Today we honour Oliver Murphy, businessman, visionary and role model who has represented his country in sport and founded a national movement: he was one of Ireland's first Paralympians and founder of the Irish Wheelchair Association.
On September 18, 1960, in the Acqua Acetosa stadium in Rome, Ireland's first Paralympic team competed in the Paralympic Games - the world's first major international multi-sport event for athletes with physical disabilities. This group of trail-blazers brought home not only two gold medals but a vision and determination to form a movement that would champion the cause of people with disabilities in Ireland.
And so it was that on November 10, 1960, in the Pillar Room of the Mater Hospital in Dublin, Oliver Murphy, members of the Paralympic team and other like-minded individuals - Fr Leo Close, Jack Kerrigan, Joe Davis, Kay Hayes, Joe Craven, Joe Domican and Jimmy Levins - each put ten shillings into a hat and the Irish Wheelchair Association was formed.
From the experience of the Paralympic Games, the group was imbued with a spirit of hope and optimism. They had formed friendships with others from around the world who had, like them, overcome great challenges to progress with purpose and strength and to live independent lives.
A native of Drogheda, Co. Louth, Oliver Murphy has always been a keen sportsman and was involved in Gaelic Games, athletics and gymnastics from an early age. In 1959, at the age of 25, Oliver was paralysed from the waist down in an industrial accident. In 1960, he was transferred to Stoke Mandeville in the UK for intensive rehabilitative therapy. During that time Oliver took part in sports clubs, particularly archery, and saw the power of sport as a means of encouraging independence and confidence in people with disabilities.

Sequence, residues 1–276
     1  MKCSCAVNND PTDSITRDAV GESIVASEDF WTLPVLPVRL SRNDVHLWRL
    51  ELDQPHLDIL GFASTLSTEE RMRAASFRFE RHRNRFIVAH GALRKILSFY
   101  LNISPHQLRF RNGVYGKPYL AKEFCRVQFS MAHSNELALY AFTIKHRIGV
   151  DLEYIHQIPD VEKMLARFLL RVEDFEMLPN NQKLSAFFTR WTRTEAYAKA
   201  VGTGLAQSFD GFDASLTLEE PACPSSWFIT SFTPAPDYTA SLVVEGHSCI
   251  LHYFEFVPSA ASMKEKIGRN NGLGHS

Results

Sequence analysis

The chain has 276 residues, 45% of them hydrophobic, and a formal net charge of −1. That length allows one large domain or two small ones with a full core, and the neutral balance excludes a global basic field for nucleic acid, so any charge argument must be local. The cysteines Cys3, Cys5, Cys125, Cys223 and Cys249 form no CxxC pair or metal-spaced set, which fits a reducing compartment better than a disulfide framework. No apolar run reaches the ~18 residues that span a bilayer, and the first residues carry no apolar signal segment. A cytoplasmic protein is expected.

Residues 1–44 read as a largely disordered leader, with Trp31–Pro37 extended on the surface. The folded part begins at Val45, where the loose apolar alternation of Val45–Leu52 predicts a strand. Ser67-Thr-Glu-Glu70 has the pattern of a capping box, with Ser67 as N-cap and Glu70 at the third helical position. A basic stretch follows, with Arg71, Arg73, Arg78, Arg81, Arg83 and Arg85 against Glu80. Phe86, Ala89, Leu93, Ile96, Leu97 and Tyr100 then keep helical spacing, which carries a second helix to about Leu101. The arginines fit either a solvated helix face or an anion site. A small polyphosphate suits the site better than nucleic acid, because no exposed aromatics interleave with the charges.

A little over a year after the accident, Oliver was representing his country as part of the Irish Paralympic team. He has taken part in four Paralympic Games - Rome in 1960, Tokyo in 1964, Tel Aviv in 1968 and Heidelburg in 1972 - competing in weightlifting, basketball and archery.
At a time when disability excluded people from many aspects of everyday life, Oliver and his co-founders of the Irish Wheelchair Association dedicated themselves to the achievement of full social, economic and educational integration of people with disabilities as equal, independent and participative members of the community. From their experience of attending those inaugural games in Rome, this group was made acutely aware of the infrastructural and environmental limitations that can have significant practical implications for people with physical disabilities.
As the Irish Wheelchair Association reaches its Golden Jubilee, Oliver Murphy can reflect on a legacy that will improve the lives of people with physical disabilities for generations to come.
As John Fitzgerald Kennedy observed: One person can make a difference and every person should try. Oliver Murphy tried and succeeded in championing reforms that are now integral to the standards we expect today. In advocating for the rights of their members, the Irish Wheelchair Association has influenced national policy to improve access to transport, building standards and appropriate housing while raising funds to provide essential services that give people the opportunity to exercise control and choice in their lives. The founding group of eight has now grown into a vibrant network of 20,000 members, 2,000 staff and many dedicated volunteers. To celebrate this landmark achievement, a commemorative stamp will be issued by An Post featuring Oliver and seven-year-old Shane Barker, the youngest member of the Irish Wheelchair Association.
Fifty years on, Oliver Murphy continues to campaign for the rights of those with physical disabilities through his work on the Irish Wheelchair Association's national Access Advisory Group. As a lifelong advocate of inclusion and awareness, he is a force for positive change who tackles every hurdle with great strength and grace.